Review: “Black Adam,” a Superhero Series That Started on a Rock.

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Not long into “Black Adam,” a young boy looks up at Dwayne Johnson’s muscled hulk and says, “We need a superhero right now.” Kid, you talk for yourself. Do we need another superhero with a complicated backstory that goes back thousands of years and has to do something crazy?

Do we really need another group of low-level heroes to make it hard to see what’s important? We’ve seen almost 40 movies in the Marvel Cinematic Universe and 12 in the DC Cinematic Universe. You can almost smell the smoke now, can’t you?

“Black Adam” isn’t bad, but it’s boring and takes ideas from other movies like a supervillain of intellectual property. But Johnson is a natural in the lead role. He combines strength with humor and is able to say the lines that need to be said in a wooden way.

It’s hard to believe that he hasn’t been the main character in a DC or Marvel superhero movie until now. I mean, come on, he looks like a superhero even when he’s just wearing regular clothes.

Black Adam

Like Marvel’s “Eternals,” “Black Adam” starts off slowly with the complicated story of our setting: Kahndaq, a fictional Middle Eastern kingdom in 2,600 B.C. with wizards, a bloodthirsty king, a magical crown, and Eternium, a rare metal ore with energy-manipulating properties (hello, Vibranium from “Black Panther”).

In the present day, Kahndaq is ruled by the cruel organized crime group Intergang, and its people are ready to rise up against them. They think that Black Adam (called Teth Adam when he first appears), who has been in a tomb for 5,000 years and is now free, could be their leader. Is he a good or bad force? (Or a new branch of the franchise?) All of them are right.

Still, the other DC superheroes aren’t sure about the new guy, so they send what can only be called Plan B in the form of leftover members of a fake group called the Justice Society of America. There’s Doctor Fate, who is played by Pierce Brosnan as a cheap version of Doctor Strange.

There’s also Atom Smasher, who is played by Noah Centineo as a nerdy and always hungry giant. Aldis Hodge plays a one-note Hawkman, and Quintessa Swindell plays Cyclone, who can control the wind. They seem to have left the superhero who could open jars at home.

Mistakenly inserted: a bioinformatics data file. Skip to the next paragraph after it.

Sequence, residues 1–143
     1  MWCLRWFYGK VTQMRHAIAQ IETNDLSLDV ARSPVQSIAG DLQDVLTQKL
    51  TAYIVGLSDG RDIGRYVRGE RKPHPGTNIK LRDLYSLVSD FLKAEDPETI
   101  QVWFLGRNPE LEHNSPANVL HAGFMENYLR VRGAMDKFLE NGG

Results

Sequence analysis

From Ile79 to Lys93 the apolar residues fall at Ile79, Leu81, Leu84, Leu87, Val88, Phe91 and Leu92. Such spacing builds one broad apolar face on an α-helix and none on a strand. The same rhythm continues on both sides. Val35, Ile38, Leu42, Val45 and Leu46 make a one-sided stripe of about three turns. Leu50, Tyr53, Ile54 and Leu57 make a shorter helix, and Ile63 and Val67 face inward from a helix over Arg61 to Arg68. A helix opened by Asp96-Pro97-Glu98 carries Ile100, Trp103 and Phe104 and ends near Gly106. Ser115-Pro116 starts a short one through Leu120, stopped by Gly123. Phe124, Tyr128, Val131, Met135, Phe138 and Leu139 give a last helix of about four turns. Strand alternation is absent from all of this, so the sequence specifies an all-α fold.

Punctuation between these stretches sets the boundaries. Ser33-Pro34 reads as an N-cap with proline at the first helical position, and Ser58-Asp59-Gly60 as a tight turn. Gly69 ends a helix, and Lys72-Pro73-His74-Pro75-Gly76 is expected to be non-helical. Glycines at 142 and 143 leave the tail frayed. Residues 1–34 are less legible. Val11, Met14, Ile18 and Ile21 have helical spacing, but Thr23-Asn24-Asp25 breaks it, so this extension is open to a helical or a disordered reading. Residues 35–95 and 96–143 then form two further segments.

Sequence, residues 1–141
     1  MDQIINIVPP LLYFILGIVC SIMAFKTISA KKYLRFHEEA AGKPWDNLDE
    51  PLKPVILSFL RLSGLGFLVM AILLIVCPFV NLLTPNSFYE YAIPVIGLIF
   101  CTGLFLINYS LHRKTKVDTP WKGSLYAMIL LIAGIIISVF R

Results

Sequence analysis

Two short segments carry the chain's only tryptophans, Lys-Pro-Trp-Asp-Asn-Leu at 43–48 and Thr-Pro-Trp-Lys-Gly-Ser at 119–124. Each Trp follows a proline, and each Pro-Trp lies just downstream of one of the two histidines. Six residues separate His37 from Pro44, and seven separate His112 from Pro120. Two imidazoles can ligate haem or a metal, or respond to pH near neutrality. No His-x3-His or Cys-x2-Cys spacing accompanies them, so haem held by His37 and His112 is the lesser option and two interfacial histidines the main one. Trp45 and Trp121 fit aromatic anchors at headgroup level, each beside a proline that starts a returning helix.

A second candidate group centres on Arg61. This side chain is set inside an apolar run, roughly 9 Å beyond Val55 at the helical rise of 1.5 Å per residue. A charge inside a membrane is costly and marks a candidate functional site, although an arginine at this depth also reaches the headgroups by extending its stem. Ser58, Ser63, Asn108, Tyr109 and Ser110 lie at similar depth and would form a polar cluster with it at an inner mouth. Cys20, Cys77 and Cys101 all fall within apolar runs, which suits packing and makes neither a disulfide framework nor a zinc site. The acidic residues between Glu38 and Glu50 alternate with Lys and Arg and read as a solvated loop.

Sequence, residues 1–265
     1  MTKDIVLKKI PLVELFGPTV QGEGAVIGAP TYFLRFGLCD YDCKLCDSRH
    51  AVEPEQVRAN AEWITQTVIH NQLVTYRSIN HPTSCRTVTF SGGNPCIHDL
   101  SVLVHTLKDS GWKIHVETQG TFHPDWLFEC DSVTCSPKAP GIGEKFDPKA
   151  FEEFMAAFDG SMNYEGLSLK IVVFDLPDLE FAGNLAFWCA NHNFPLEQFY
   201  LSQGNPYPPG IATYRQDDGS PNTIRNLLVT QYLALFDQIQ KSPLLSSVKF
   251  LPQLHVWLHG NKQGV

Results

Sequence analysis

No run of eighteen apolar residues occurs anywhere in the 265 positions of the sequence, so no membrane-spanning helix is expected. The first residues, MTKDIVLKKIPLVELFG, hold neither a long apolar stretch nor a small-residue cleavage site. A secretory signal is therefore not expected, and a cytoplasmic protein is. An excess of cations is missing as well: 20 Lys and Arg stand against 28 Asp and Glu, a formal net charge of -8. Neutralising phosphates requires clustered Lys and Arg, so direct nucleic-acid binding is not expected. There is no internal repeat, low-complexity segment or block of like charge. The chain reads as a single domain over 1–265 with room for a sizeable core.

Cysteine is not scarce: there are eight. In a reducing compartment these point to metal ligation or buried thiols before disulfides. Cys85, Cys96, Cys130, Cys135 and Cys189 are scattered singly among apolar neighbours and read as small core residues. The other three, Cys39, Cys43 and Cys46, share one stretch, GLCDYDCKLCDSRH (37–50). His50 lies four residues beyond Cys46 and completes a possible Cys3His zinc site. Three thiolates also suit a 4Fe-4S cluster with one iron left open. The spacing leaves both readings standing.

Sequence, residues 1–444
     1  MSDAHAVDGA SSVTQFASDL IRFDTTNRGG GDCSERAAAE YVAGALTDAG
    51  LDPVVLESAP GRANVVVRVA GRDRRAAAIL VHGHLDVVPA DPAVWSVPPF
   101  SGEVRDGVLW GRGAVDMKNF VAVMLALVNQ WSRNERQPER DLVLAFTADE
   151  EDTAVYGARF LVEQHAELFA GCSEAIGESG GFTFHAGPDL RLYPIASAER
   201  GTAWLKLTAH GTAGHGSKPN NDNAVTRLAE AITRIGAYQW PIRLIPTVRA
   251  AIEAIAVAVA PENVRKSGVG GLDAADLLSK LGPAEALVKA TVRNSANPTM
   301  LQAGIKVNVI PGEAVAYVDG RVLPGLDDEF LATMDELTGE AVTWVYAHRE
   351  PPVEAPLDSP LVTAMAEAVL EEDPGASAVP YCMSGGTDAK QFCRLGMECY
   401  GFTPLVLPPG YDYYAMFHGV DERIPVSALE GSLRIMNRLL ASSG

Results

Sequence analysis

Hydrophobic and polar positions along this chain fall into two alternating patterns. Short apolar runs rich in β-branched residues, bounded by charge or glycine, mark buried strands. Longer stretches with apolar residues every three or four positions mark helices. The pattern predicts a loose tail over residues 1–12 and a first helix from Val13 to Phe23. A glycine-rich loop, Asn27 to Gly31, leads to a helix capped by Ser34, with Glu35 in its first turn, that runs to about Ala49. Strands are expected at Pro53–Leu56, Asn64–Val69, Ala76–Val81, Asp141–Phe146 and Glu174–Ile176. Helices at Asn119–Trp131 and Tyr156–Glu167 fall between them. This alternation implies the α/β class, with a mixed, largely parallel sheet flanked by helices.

Black Adam is stronger than all of them together. He can fly, move as fast as The Flash, catch rockets, deflect bullets, and use his own blue electricity. Most of the time, he just floats, which is a strangely passive thing to do. He says, “I kneel before no one,” which might explain why.

Director Jaume Collet-Serra and the design team do a great job in every way, but the screenplay by Adam Sztykiel, Rory Haines, and Sohrab Noshirvani is a rehashed mess that jumps from one violent scene to the next like a video game to cover up a plot that is both undercooked and overcooked.

At one point, when everyone was tired of all the violence, they brought in skeletons that rose up like a legion from hell, which was exactly what we wanted.

Black Adam

They have some funny parts that DC hasn’t always done well. A recurring bit with “Baby Come Back” and teaching Black Adam satire are fun, but a joke about Clint Eastwood falls flat, and there may have been three natural endings before the final, manipulative one. (The script says, “This can only end one way. Don’t believe it.)

In the middle of all the punching superheroes are two people: a rebel leader and her pre-teen son who loves skateboarding and comics. Sarah Shahi and Bodhi Sabongui, who play them, do a great job. Mohammed Amer is a comic who makes people laugh when they need it most.

The idea of a hero is most interesting, and it’s also the best place to start. The members of the Justice Society are shocked to find out that the people of Kahndaq, who have been oppressed for 27 years, don’t see them as heroes.

Even though he is a bit more violent, Black Adam has come to help. Residents wonder where the superpowerful people were for almost 30 years while they were suffering. This is a nice jab at the West.

“There are only good people and bad people. Hawkman says in a confused way, “Heroes don’t kill people.” “Well, I do,” says Black Adam. Shahiby’s character says that it’s easy to call someone a hero when you’re the one drawing the line.

A lot of references to other movies, like “Tomb Raider,” “Back to the Future,” and a lot of “Star Wars” (including the terrible line “You’re our only hope”), are pretty sad. Sometimes the movie is aware of itself, like when the kid tells Black Adam to come up with a catchphrase that will sell lunchboxes.

“Tell them, ‘The man in black sent you,'” he says, but it doesn’t make much sense. Wait, someone else sent him? Is Johnny Cash what they mean? In fact, that might be a hint. Most likely, the filmmakers were thinking about making money by selling those lunchboxes.

The Warner Bros. Pictures movie “Black Adam,” which comes out in theaters on Friday, is rated PG-13 for strong violence, intense action, and some language. Running time: 124 minutes. It gets two and a half out of four stars.

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